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2011 Subaru WRX STI: Obnoxious fun

Posted by Clifford Atiyeh  June 28, 2011 01:14 PM

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(Subaru). Click photo for larger version.

If I didn't know better, the Subaru WRX STI might just be the silliest gas hog of a little car there is. It's a cocky, pheromone-swilling show-off, with a hood scoop ready to inhale pigeons, a foot-tall rear wing, and all that booming, ear-splitting braaap from the four exhaust tips.

This is a car that acts like a frustrated teenage boy and is priced for a well-paid man in his 30s, albeit a single and slightly nerdy guy who likes a good deal. Because for all its tackiness — and this is after Subaru canceled the gold pimp wheels for 2011 — the man who buys a WRX STI does know better. He's getting a street-legal race car, and all the gut-wrenching performance of a Porsche 911 for half the price.

What's with all those wings and scoops and fender bulges? They widen the regular Impreza's body for improved stability, add downforce at high speed, channel air to the massive intercooler, and cool the huge brakes. In rally competitions, this makes the STI fit to barrel through narrow mountain roads against maniacs in similar cars.

Unlike regular racing, where the crowds pack in grandstands, rally fans stand on the roadside so their favorite drivers spray dirt in their faces. A few people get killed this way, but most times everyone jumps for joy as the screeching Subarus zoom past. If your neighbor brings home an STI, you have every right to bring the kids inside.

Launching the little Subaru from its lumpy, rumbling idle to a ferocious, 7,000-rpm whine is a wild time. While heavier than the race car, the street STI actually makes more power. The 2.5-liter four cylinder engine — its pistons horizontally opposed, or "flat" like on Porsches — makes a screaming 305 horsepower that's only tapped by tearing the six-speed gearbox to shreds.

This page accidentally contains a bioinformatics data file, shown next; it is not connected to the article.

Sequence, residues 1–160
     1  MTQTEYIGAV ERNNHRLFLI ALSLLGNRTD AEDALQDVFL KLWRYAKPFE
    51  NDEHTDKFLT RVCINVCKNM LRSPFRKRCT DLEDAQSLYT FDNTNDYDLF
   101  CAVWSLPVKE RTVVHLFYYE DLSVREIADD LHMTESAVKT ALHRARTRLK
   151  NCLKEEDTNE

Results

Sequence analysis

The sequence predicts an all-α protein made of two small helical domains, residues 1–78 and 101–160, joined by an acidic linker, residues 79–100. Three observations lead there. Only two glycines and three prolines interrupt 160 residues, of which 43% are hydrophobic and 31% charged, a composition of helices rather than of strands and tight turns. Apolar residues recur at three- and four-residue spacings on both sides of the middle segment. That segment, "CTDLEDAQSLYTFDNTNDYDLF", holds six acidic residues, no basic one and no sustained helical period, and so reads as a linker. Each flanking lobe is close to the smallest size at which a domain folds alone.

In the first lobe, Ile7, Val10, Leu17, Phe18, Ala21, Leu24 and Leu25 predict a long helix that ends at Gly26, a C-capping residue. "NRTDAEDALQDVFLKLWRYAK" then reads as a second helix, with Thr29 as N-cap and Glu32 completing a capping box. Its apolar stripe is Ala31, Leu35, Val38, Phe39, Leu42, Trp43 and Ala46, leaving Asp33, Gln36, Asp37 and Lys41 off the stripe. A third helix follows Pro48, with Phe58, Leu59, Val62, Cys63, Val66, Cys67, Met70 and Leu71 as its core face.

Of course, that won't happen — what metal Subaru left out of the tinny doors they packed into the manual transmission, stiff suspension, and beefy all-wheel-drive system. But forget about easy speed in any gear — you've got to wind this thing bonkers to go fast, as peak power and torque occur close to redline.


(Clifford Atiyeh/ Staff)

Ordinarily, the STI feels kind of sluggish. But that's because the car's SI-DRIVE system is desperately trying to save fuel by reducing power. That's "Intelligent" mode. Flip the rotary knob to "Sport" and you'll get the ride you paid for. Flip it again to "Sport Sharp" and a pack of fire ants run onto the throttle, instantly making the STI frenzied and jumpy when getting on and off the pedal. While not a great idea in traffic, on a clear stretch the surging Subie is unstoppable.

Subaru even lets the driver fiddle with the torque split, with a multitude of settings designed to either push more power to the front or rear. No other car company lets you do that. I didn't have a safe area to try it out — plus our car wore harder winter tires with far less grip than the standard summer rubber — but STI owners claim they feel the difference when it's wet or on tight back roads.

I can report that overall grip is astounding, the suspension firm yet surprisingly compliant, and the brakes phenomenal. The steering is quick but not that accurate, and the shifter's throws are a bit long and a little vague. These aren't deal breakers by any means. This is a $35,000 sports sedan that's faster and more exciting than a $50,000 Audi S4.


(Subaru). Click photo for larger version.

Shown is the full leather interior, versus our test car's suede and leather seating.